The latest round of bloodshed in Gaza will end, but Clifford May, who is following the situation closely, says he’s not sure when.
May, a former New York Times reporter, is the president of the Foundation for Defense of Democracies, a Washington, D.C., think tank focused on national security and the “threat from Jihadist regimes.” He claimed that Israel should no longer have any faith in the Palestinian Sunni Islamic group Hamas, which “has broken numerous cease fires.”
“The bloodshed will end when Hamas is out of rockets and the (Hamas) tunnels are entirely destroyed, and then the Israelis will leave Gaza,” said May, who is speaking at the Jewish Community Center on Main Street on Monday during a fundraiser event for United Jewish Appeal. “I can’t tell you that for sure, but that’s my guess. And then there’s going to be a complex question of what happens in Gaza after that.”
May said in an interview Friday that the United Nations have not contributed “anything useful” to the fight against Jihadism. The U.N. Human Rights Council resolution voted on a resolution earlier this month to address the situation in Gaza. May said it fails to mention Hamas’ use of human shields, attack tunnels and rockets fired against Israel.
“It only condemns Israel,” he added.
May credits President Barack Obama, Secretary of State John F. Kerry and U.S. Ambassador to the U.N. Samantha Power for an American vote against that resolution. He said the European nations did not have the courage to do the same.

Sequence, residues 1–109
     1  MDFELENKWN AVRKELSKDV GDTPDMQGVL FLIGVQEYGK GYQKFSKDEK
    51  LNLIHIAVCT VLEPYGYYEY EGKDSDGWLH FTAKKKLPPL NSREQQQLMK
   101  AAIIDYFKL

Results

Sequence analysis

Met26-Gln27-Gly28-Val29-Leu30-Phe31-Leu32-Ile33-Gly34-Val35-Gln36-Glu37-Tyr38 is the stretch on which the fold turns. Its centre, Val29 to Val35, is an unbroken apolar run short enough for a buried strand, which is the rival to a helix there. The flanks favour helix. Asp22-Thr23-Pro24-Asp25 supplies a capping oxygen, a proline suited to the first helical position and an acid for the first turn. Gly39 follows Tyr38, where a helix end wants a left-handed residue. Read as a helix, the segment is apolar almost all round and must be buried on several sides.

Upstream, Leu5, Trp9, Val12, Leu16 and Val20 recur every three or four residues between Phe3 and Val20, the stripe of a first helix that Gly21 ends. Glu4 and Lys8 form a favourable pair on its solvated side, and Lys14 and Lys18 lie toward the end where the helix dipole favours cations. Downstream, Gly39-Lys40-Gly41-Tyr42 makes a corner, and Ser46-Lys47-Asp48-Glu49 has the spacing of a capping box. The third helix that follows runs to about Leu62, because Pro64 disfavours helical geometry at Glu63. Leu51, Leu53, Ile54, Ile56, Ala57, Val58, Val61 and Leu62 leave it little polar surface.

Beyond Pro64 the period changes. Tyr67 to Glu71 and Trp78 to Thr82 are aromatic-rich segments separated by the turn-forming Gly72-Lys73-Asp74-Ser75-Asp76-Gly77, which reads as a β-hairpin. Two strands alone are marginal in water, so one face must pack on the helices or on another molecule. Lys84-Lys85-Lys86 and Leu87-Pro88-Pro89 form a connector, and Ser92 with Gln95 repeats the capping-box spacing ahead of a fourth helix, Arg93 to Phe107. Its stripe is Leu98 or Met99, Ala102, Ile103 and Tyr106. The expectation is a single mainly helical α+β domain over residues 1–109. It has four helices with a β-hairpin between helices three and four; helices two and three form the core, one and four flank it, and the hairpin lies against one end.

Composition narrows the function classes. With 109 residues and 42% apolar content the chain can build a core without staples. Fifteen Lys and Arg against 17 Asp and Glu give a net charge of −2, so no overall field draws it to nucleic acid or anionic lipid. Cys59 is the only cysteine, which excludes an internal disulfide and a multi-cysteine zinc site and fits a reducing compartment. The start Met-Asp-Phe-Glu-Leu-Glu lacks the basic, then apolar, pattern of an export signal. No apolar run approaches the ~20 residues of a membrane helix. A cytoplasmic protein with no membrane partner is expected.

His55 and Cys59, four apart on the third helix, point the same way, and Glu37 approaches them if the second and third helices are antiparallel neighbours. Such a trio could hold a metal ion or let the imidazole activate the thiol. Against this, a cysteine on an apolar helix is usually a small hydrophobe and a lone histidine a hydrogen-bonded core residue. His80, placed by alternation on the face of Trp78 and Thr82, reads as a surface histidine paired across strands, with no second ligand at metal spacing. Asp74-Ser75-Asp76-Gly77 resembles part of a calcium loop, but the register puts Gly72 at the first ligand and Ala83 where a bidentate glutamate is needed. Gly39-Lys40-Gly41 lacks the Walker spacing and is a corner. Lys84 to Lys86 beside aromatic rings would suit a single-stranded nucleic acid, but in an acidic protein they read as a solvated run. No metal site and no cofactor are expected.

American policy has been a mixed bag, he said, calling Kerry’s attempt at a cease fire that involved Qatar and Turkey a mistake.
“Both countries have been supporting Hamas and supporting terrorism, and I say that with great regret,” said May, who will be discussing what he sees as Israel’s current policy options during the talk.
The Foundation for Defense of Democracies was created in 2002, following the 9/11 attacks. However, May said he had conversations about forming such an organization before the attacks. A discussion with former U.N. Ambassador Jeane Kirkpatrick and politician Jack Kemp told May that America was “taking a holiday from history,” a peace dividend at a time when there were still threats.
He pointed to a list of attacks since the 1980s: the 1983 Beirut barracks bombing, the 1993 World Trade Center bombing, the 1996 Khobar Towers bombing, the 1998 American embassy attacks in Africa and the 2000 USS Cole bombing.
The organization was designed to effect policy in response to all these events. At the time, there was no think thank focused on Jihadism, he said.
May was in Israel not very long ago, and he said he knew the situation was heating up when he heard bomb sirens in Jerusalem.